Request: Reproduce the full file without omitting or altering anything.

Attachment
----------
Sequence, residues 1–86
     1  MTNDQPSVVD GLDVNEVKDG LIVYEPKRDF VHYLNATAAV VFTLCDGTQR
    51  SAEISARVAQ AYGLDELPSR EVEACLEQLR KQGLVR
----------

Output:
Sequence, residues 1–86
     1  MTNDQPSVVD GLDVNEVKDG LIVYEPKRDF VHYLNATAAV VFTLCDGTQR
    51  SAEISARVAQ AYGLDELPSR EVEACLEQLR KQGLVR